Closer than a brother – Part I



21 Responses to “Closer than a brother – Part I”

  1. 1 Janet January 8, 2011 at 21:54

    I hope this photo essay is going to have a happy continuation.

  2. 3 kiwidutch January 8, 2011 at 23:09

    What a Brilliant idea to have photos taken every year in the same place !(whenever possible, naturally)You even remembered to make the poses as similar as possible too LOL. I’m looking forward to “Part2” Cool!

  3. 5 Jana January 9, 2011 at 09:46

    This is so awesome and I want to know more so I too am looking forward to part 2.
    Not only did I enjoy watching you two mature and wonder to myself what your stories were between the images, I enjoyed watching the background changes behind you.
    I just found this skyline progression rendering yesterday – have you already seen it?

    • 6 jstwndrng January 9, 2011 at 10:38

      Wow! That’s cool. That’s exactly the kind of thing I’ve always wished to have handy, only starting from about 1870. I’ll have to watch it a buncha times because it moves a little fast for me. Thanks for sharing this! I work just down the hill from 5th and Columbia so I’ll be watching this take shape.

  4. 7 Kip January 9, 2011 at 12:34

    Many of these I have not seen, and I’m glad to see them! The hair in the 1990 photo is great, it appears there was no trip to the barber between ’89 and 90. And I have bot seen a picture of the other friend in the photos in a very long time. I, too, am looking forward to Part II.

    • 8 jstwndrng January 9, 2011 at 14:50

      The razor did not touch my head until March of 1991, just before I went off to the Ranch. I figured I should try growing my hair once in my life. I actually enjoyed the warmth of it in winter, but waking up suddenly in the night because my shoulder had pinned my locks down and I moved my head in my sleep? That took getting used to. Yes, late pictures of The Other Friend are hard to come by.

  5. 9 marni January 9, 2011 at 18:33

    Hmmmmmm. Quite fascinating, the changes, especially in body leanings; the pose remains similar but the physical conversation definitely alters! Where da heck are you in these photos, the W. Seattle bridge? You appear to be south of the port….
    I’m with Kippy, gotta love the 90’s ‘do.

    • 10 marni January 9, 2011 at 18:36

      …and did you stop with the Pepsi bottle at your feet when they committed the plastic bottle crime?!

      • 11 jstwndrng January 9, 2011 at 21:33

        The port is directly behind us, to the east. We’re in West Seattle on Admiral Way. The bottle was always glass. But you’re asking questions whose answers will be revealed soon. I like your phrase, “the physical conversation”.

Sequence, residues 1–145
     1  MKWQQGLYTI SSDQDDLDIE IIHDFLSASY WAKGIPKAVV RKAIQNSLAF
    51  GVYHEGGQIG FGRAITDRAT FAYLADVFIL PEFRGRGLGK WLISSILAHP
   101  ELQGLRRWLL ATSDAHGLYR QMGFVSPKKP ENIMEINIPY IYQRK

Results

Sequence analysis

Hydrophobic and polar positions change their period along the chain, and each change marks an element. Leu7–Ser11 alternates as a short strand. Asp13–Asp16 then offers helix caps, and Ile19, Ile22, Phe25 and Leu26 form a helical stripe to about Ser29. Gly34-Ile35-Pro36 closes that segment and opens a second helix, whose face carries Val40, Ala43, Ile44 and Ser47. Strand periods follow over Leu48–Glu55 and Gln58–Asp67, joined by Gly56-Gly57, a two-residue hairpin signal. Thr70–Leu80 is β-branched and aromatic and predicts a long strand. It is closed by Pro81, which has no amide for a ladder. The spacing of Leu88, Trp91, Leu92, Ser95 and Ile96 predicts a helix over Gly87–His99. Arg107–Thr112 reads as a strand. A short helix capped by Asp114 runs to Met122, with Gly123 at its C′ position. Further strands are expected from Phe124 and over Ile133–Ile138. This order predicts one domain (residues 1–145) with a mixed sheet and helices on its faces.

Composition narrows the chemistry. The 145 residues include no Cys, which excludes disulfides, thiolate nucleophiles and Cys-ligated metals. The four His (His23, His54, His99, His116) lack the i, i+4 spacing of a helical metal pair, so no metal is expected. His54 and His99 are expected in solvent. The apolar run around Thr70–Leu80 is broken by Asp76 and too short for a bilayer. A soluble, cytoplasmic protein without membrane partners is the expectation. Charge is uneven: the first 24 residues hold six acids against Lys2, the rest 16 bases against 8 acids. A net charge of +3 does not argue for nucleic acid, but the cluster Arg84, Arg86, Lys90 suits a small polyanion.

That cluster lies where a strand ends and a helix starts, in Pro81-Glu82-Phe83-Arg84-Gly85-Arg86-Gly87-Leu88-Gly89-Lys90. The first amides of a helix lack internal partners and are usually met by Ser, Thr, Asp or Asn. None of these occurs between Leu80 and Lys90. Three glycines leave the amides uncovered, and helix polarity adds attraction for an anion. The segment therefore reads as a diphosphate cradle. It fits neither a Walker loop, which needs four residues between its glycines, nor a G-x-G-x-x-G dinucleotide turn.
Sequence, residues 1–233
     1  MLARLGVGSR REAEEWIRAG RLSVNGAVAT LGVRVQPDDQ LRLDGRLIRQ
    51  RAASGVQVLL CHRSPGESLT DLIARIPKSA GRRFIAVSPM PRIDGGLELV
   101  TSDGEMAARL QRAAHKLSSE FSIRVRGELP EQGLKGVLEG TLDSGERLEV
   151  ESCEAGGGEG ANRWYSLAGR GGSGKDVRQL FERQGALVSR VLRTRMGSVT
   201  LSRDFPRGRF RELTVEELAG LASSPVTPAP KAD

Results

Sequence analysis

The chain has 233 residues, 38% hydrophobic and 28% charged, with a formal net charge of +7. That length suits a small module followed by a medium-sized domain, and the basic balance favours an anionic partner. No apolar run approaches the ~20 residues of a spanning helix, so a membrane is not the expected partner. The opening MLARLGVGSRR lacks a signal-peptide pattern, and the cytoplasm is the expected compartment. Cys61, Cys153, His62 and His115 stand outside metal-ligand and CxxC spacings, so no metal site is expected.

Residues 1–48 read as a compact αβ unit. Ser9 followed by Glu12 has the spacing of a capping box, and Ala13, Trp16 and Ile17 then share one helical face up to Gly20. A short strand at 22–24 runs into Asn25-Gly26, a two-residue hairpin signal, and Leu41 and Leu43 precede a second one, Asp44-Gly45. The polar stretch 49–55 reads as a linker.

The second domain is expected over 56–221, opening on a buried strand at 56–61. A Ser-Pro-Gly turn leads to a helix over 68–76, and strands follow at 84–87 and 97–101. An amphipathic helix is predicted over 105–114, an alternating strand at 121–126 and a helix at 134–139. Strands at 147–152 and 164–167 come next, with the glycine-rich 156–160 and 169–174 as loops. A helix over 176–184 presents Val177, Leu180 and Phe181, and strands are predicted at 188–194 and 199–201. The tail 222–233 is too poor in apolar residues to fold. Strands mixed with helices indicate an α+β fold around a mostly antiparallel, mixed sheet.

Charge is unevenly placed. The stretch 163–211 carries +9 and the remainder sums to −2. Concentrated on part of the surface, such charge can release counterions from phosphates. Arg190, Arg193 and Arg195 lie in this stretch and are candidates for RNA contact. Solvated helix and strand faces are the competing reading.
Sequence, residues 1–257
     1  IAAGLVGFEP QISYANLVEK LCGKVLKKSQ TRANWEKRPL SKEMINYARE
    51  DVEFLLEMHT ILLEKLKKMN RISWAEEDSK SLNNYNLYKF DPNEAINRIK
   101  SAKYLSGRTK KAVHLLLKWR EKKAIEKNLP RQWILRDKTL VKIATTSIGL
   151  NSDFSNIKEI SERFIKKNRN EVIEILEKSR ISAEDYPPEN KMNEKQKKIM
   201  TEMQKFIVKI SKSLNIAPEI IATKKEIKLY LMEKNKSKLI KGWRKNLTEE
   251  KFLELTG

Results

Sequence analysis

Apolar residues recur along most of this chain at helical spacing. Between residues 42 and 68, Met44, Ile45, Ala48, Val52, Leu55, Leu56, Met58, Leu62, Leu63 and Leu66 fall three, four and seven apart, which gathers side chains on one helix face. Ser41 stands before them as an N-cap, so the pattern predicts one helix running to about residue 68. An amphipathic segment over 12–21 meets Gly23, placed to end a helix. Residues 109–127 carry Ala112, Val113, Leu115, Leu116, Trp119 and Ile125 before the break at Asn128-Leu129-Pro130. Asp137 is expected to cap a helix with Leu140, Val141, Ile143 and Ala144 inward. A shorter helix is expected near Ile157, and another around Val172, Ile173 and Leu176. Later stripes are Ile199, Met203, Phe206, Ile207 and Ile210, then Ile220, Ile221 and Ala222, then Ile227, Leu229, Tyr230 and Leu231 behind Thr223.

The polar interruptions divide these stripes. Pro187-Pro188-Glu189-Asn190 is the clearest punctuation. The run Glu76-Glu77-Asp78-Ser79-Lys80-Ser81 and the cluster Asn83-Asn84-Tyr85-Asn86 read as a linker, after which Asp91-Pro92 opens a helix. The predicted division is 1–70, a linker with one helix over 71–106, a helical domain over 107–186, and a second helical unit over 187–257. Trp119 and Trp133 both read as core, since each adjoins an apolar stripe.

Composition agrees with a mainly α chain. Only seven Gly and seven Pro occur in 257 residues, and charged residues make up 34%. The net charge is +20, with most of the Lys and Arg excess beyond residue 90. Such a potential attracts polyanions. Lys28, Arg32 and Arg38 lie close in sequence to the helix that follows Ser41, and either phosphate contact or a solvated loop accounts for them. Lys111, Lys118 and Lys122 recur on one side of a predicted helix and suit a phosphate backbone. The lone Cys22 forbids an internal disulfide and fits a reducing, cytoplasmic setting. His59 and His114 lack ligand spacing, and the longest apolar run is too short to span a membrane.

6. 12 leatherhead109 January 10, 2011 at 15:40

    I remember much of the background to these photo’s. I too will await the second part with enthusiasm. As for the 90’s ‘do, you remind me of a skinnier Mr. Rutherford or a taller Al Stewart. I never saw you with all that hair. What a kick.

  7. 14 Kip January 10, 2011 at 16:20

    Leatherhead knows of the Rutherford (I assume Mike), and the Al Stewart? A fan of both, you are? If yes, I am impressed, and, yes, pleased.

    • 15 jstwndrng January 10, 2011 at 16:26

      Leatherhead109 could not be other than a fan of both. The older brother monopolized the turntable and played those artists without cessation. Although I suppose that could make one very much NOT a fan, too.

      • 16 leatherhead109 January 10, 2011 at 18:56

        Mike and the Mechanics jammed their way into my Sony Walkman while I performed monotonous chores like swabbing decks at the barracks back in my “Leatherneck” days. And Al, well, Al Stewart is beyond question. I’m vexed I can’t find a digital copy of his “Life Between the Wars”, my favorite.
        I think you may be right about Mom, has she recovered yet? I tried to grow long hair back in the day for about 3 seconds. I couldn’t hack it.

  8. 17 Kip January 10, 2011 at 19:34

    Matt, Yes, I suppose it’s true. My brother still is a fan of Supertramp, to a degree. I remember one night at his house he surprise me by putting on Crime Of The Century. He has quite the stereo, and I am sure that people as far away as 4 blocks heard that show! And Ben, I am truly impressed! Why do I believe there were not many more on board ship that were cranking Al and Mike. You know Al has a Facebook page….I’m sure if you head there you might find that which you seek.

    • 18 jstwndrng January 10, 2011 at 19:41

      Well, now that we’re way off topic, I should point out that “Life Between the Wars” has always been hard to come by on CD. I heard some of it once in a store, and made the mistake of not buying it then. Some have said the production quality suffered on that CD and I don’t know if that means it was badly recorded or simply badly mixed. If the latter, one might hope for a remaster and rerelease someday. I’ll ask Al next time we see him in concert at the Triple Door. He doesn’t play a lot from that album when on stage, but “Night Train to Munich” seems to be a favorite of his live.

      • 19 leatherhead109 January 10, 2011 at 19:45

        Not to keep off subject, but I don’t remember any serious problem with the album. I have it on tape, but I fear to play lest it be munched. Then I’d be plum out o’ luck. A bass guitfiddle would not look out of place in your hands in the “‘do”graph from the early nineties.

  9. 20 jstwndrng January 10, 2011 at 20:50

    Ben, I disconcur. I think you’d have to look at either 1982 or 1999 for me on bass, or one of the late (Carhartt) years. To me, that 1990 shot is all drum machine and saxophone.

  1. 1 Closer than a brother – Part II « Just Wondering Trackback on January 12, 2011 at 14:38

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